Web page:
The aforementioned multiline copperbromide laser operates in the UVregion 1–5 . The total input electric power is 1300 W. Taking into account the losses in power supply, the laser tube is fed with power Q _{1} 1000 W. The output multiline laser power is 500 mW. The geometric design of the crosssection of the laser tube in the active zone is shown in Figure 2. The laser source is manufactured from quartz 3.2 , in which a ceramic tube of Al _{2} O _{3} 3.1 is inserted along with the active laser volume, and the quartz tube is covered from the outside active volume with extra heatinsulating wadding 3.3 made of felt—glass, mineral material, or zircon oxide. The model is developed with the following assumptions: i the temperature proﬁle is determined in a quasistationary regime; ii the gas temperature does not change substantially in the interimpulse period; iii the total input electric power Q _{1} 1000 W in the active volume is transformed into heat, the power transferred to the walls as a result of the discharge radiation and the deactivation of the excited and charged particles is not taken into account; iv the thermal radiation of the heated gas in the active volume is ignored. The temperature distribution T _{g} in the crosssection of the laser tube is governed by the following quasi steadystate twodimensional heat conduction equation:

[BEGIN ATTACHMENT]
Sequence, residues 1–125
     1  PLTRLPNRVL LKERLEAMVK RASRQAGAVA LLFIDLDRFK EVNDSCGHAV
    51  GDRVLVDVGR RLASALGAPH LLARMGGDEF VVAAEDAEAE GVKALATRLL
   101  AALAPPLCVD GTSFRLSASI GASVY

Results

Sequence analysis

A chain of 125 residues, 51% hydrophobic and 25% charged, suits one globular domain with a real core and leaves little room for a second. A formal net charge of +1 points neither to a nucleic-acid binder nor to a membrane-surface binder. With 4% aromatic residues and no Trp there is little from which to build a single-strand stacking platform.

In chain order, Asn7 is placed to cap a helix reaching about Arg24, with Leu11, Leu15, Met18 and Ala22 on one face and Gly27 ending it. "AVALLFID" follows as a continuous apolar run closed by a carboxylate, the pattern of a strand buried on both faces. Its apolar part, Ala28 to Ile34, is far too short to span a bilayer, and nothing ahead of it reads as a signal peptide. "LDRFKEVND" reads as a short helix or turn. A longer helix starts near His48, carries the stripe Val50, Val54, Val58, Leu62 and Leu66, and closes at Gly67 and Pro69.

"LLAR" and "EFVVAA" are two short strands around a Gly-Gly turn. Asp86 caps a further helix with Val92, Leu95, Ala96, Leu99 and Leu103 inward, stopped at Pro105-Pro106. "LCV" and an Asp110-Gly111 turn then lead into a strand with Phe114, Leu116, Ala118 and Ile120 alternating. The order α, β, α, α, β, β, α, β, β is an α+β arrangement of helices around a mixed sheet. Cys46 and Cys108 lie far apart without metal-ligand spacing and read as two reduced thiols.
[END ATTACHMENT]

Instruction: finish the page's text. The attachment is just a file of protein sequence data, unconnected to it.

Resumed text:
div ^{} λ _{g} grad T _{g} ^{} q _{v} 0,
3.1
where λ _{g} is the thermal conductivity of the gas here neon and q _{v} is the volume density of the discharge. Due to the radial symmetry, T _{g} depends only on the variable r along with the radius of the tube. Consequently, in cylindrical conﬁguration, 3.1 is reduced to the form
1
r dr ^{r}^{λ} ^{g}
d
dT _{g} r dr
q _{v} 0,
0 ≤ r<R _{1} , R _{1} ^{d} ^{1} .
2
3.2
Usually, as it was mentioned earlier, equation 3.1 resp., 3.2 is solved in pub lications under the boundary conditions:
T g R 1 T w ,
dT _{g} r
dr
^{} r 0
0,
3.3
where T _{w} is the measured temperature of the outer wall of the tube under insulation 9–13 . Commonly, λ _{g} is in the form λ _{g} λ _{0} T g . In the case q _{v} constant, 3.2 possesses an exact solution 9 , written in the form
m
T _{g} r T
m
w
1
_{} q _{v} m 1 4λ _{0}
_{} R 2 − r 2 _{} 1/ m 1
.
3.4
Mathematical Problems in Engineering
5
Figure 2: Principle geometrical design of the crosssection of the laser source: 1 ceramic Al _{2} O _{3} tube; 2 quartz tube; 3 thermal insulation. The diameters are, respectively: d _{1} 5.2 mm, d _{2} 18 mm, d _{3} 24.5 mm, and d _{4} 32.5 mm.
For solving 3.2 , we need to obtain the correct boundary conditions corresponding to 3.3 for r R _{1} see Figure 2 :
T g R 1 T 1 ,
dT _{g} r
dr
^{} r 0
0.
3.5
For that purpose, we will apply the distribution of the radial heat ﬂow through the composite laser tube. We consider the following mixed boundary conditions of the third and fourth kind in cylindrical conﬁguration 20–22 :
_{T} 1 _{} _{T} 2
_{} q _{l} ln d _{2} /d _{1} 2πλ _{1}
,
T _{2} T _{3}
^{q} ^{l} ^{l}^{n} ^{} ^{d} ^{3} ^{/}^{d} ^{2} ^{} , 2πλ _{2}
T _{3} T _{4} ^{q} ^{l} ^{l}^{n} 2πλ ^{} ^{d} ^{4} ^{/}^{d} _{3} ^{3} ^{} _{,}